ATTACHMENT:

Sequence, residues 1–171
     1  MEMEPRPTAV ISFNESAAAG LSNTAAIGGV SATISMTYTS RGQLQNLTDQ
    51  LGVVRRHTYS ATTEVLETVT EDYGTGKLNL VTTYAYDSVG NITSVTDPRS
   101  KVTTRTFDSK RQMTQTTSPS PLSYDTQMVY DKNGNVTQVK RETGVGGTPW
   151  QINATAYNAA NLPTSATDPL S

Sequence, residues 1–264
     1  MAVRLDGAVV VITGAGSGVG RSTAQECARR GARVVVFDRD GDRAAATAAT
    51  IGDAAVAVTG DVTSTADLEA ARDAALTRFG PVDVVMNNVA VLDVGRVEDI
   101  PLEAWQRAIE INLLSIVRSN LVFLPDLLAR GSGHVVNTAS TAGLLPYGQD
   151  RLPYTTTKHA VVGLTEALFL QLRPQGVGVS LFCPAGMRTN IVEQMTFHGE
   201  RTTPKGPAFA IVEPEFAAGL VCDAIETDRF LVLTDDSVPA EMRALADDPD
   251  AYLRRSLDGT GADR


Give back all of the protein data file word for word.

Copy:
Sequence, residues 1–171
     1  MEMEPRPTAV ISFNESAAAG LSNTAAIGGV SATISMTYTS RGQLQNLTDQ
    51  LGVVRRHTYS ATTEVLETVT EDYGTGKLNL VTTYAYDSVG NITSVTDPRS
   101  KVTTRTFDSK RQMTQTTSPS PLSYDTQMVY DKNGNVTQVK RETGVGGTPW
   151  QINATAYNAA NLPTSATDPL S

Sequence, residues 1–264
     1  MAVRLDGAVV VITGAGSGVG RSTAQECARR GARVVVFDRD GDRAAATAAT
    51  IGDAAVAVTG DVTSTADLEA ARDAALTRFG PVDVVMNNVA VLDVGRVEDI
   101  PLEAWQRAIE INLLSIVRSN LVFLPDLLAR GSGHVVNTAS TAGLLPYGQD
   151  RLPYTTTKHA VVGLTEALFL QLRPQGVGVS LFCPAGMRTN IVEQMTFHGE
   201  RTTPKGPAFA IVEPEFAAGL VCDAIETDRF LVLTDDSVPA EMRALADDPD
   251  AYLRRSLDGT GADR